While homeless programs—resulting from the Homeless Assistance Act of 1987—were primarily short-term, the new programs that did emerge from that time were primarily structured to provide housing for those making around 60 percent of median income—leaving a big gap for extremely low-income renters. “You end up with very little to offer the people who are not homeless but are too poor to afford a tax credit unit,” Crowley explained.
Back in 2000, the policy solution was supposed to be the National Housing Trust Fund, which in turn would fund state-level efforts. The federal budget was in surplus, and hopes were high that it would be fully funded, Crowley noted. Now, more than a decade later, the working poor are still waiting.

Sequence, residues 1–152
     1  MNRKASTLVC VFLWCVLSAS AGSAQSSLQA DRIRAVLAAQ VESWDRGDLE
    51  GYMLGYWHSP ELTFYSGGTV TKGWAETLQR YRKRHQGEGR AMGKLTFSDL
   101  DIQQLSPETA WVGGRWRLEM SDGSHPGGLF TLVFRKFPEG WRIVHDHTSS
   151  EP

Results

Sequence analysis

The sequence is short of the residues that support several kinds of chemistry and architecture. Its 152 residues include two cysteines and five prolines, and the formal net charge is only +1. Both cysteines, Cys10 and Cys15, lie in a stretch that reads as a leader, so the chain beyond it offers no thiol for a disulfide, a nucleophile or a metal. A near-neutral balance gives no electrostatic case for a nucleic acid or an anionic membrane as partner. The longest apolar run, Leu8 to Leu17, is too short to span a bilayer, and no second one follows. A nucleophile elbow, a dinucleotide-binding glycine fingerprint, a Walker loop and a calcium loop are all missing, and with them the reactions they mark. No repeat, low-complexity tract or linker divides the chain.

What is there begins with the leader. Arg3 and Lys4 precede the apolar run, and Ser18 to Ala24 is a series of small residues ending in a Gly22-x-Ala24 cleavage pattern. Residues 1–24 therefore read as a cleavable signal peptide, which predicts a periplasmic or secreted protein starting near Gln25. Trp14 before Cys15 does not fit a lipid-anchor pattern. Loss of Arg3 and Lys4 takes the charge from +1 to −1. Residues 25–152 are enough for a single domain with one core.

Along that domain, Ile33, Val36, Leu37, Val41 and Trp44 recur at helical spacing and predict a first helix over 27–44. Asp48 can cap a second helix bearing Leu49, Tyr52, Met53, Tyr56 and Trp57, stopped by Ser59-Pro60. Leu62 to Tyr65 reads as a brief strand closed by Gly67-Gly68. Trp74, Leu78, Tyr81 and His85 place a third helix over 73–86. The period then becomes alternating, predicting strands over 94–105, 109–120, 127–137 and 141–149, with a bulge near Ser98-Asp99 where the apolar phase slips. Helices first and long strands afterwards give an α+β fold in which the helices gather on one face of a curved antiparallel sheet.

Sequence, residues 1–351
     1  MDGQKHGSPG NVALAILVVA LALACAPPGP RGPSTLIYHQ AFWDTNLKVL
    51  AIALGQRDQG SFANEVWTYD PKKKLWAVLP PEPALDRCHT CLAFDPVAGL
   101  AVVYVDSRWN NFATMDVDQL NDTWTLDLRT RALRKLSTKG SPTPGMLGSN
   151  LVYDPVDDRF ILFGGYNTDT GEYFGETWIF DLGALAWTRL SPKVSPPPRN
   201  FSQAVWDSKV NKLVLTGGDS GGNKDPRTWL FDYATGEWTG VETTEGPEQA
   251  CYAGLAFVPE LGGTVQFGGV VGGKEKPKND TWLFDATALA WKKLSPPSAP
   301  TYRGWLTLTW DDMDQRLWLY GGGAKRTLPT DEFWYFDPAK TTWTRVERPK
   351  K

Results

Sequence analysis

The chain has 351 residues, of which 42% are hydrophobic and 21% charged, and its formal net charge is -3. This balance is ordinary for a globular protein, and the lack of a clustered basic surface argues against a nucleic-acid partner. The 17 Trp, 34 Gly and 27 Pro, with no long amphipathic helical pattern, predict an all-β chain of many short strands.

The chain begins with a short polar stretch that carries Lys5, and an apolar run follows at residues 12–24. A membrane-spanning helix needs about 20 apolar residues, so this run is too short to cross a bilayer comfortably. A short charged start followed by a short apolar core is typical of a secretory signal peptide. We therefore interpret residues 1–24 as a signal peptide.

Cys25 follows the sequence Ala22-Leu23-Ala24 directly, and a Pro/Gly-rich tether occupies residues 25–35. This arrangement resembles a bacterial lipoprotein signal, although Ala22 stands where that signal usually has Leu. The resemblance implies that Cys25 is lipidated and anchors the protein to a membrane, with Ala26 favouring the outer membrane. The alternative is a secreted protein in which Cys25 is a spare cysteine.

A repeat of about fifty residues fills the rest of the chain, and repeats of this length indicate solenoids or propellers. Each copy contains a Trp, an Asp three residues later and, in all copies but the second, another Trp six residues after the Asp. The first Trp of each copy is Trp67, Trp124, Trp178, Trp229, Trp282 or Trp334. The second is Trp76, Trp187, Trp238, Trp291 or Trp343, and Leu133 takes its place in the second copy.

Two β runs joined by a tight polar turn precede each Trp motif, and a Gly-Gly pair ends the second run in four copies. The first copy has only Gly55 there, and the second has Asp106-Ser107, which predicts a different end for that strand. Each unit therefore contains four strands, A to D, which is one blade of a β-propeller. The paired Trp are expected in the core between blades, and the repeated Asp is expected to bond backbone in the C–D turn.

“We can safely say that the housing crisis and Great Recession exacerbated the existing crisis,” Bolton added. “We produced a report in 2004 called ‘Losing Ground in the Best of Times: Low Income Renters in the 1990s. This report compared the housing situations of low income renters in 1990 and 2000 and shows that during that time of strong economic growth there were some declines in the percentages of low income households with unaffordable cost burden, indicating that increased incomes did contribute to a slight improvement in the conditions of low income households.
“However, the housing problems that remained became more concentrated among the extremely low income, and furthermore, the shortage of affordable units increased over that same time period.”
This was precisely the situation that the National Housing Trust Fund was intended to address.